In November 2018 researchers from the UK published their review of the medical scientific literature to assess the effect of probiotics in the treatment of eczema. A total of 39 studies, involving involving 2,599 individuals (male and female; aged 1-55 years), met the search criteria and were included in the review. It was noted that the studies had taken place mainly in Europe or Asia, with the duration of the supplementation lasting from 4 weeks to 6 months and the period of follow-up between 0-36 months. The probiotics used were of the Lactobacillus and Bifidobacteria species, which had been taken either alone or combined with other probiotics, and were given with or without prebiotics. Outcome following the use of no probiotics had been used as a comparison. It was noted that most studies had an unclear risk of bias, while 6 were considered to have a high risk of bias and 9 a low risk. Results showed that, compared with no probiotic, currently available probiotic strains in supplements probably make little or no difference in improving patient-rated eczema symptoms. In addition it appears that probiotics may make little or no difference in the quality of life for individuals with eczema nor in the eczema severity score. There was no evidence of adverse effects being experienced with the use of probiotics, and that probiotics made no difference in the risk of adverse events being experienced when taken at the same time as prescribed medicines. The researchers therefore concluded that the use of probiotics for the treatment of eczema is currently not evidence-based and recommended that further studies should consider studying subgroups of individuals, e.g. individuals with atopy or food allergies, with standardisation of doses/concentrations of probiotics given.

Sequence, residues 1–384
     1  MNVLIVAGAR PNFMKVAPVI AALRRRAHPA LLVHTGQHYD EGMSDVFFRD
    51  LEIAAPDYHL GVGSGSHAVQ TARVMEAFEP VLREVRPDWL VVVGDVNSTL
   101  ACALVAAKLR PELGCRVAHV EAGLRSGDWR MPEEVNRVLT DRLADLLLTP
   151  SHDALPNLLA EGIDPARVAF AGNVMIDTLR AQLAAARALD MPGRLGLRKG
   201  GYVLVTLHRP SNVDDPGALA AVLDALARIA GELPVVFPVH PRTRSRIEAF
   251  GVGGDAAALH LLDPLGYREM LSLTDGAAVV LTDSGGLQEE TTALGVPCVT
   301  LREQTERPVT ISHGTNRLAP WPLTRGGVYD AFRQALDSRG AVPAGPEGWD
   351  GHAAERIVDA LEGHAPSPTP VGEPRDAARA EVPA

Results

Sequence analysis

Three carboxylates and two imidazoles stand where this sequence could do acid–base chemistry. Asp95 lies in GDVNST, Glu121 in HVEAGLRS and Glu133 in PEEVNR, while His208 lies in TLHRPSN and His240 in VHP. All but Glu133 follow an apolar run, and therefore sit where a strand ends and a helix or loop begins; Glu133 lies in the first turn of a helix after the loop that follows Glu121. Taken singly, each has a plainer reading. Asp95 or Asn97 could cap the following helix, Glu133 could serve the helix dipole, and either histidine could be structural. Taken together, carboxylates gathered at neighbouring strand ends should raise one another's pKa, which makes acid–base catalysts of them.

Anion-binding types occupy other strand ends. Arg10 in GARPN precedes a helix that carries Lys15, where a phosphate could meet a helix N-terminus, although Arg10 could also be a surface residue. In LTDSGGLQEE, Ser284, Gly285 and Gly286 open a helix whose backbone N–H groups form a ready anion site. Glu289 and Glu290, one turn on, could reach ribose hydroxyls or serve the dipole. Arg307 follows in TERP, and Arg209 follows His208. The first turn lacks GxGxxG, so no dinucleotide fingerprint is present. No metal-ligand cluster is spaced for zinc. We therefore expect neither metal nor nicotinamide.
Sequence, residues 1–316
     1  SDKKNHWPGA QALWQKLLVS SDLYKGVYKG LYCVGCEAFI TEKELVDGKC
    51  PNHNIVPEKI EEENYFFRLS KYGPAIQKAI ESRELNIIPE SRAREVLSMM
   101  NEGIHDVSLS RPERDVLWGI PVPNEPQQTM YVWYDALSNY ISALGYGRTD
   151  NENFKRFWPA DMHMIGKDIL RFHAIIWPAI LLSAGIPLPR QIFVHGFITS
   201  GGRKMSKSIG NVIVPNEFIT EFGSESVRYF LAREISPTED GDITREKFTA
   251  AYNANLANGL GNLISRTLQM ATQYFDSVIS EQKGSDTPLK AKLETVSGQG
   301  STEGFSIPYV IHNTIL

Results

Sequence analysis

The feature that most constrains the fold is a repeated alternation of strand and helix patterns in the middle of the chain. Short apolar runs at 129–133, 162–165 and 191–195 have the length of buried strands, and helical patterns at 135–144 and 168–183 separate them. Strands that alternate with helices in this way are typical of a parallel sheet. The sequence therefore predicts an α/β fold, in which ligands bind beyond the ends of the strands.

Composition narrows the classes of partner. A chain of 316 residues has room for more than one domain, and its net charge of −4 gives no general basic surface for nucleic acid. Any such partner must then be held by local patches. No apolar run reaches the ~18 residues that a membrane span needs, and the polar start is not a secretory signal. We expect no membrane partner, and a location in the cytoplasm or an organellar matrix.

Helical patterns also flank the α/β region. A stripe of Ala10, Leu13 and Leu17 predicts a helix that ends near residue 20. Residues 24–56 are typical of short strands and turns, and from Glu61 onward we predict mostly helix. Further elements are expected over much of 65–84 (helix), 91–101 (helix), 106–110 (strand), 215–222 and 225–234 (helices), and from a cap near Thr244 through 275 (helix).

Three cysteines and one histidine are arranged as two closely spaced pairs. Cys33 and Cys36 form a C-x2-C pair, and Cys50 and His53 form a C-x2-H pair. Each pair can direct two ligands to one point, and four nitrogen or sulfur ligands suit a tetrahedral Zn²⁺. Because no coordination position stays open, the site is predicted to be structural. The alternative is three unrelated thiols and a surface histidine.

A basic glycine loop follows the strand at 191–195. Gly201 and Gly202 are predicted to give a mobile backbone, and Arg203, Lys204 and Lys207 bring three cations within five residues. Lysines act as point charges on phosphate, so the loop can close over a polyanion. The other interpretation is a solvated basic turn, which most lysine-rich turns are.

Makrgeorgou A et al. Probiotics for treating eczema. Cochrane Database Syst Rev. 2018 Nov 21;11:CD006135.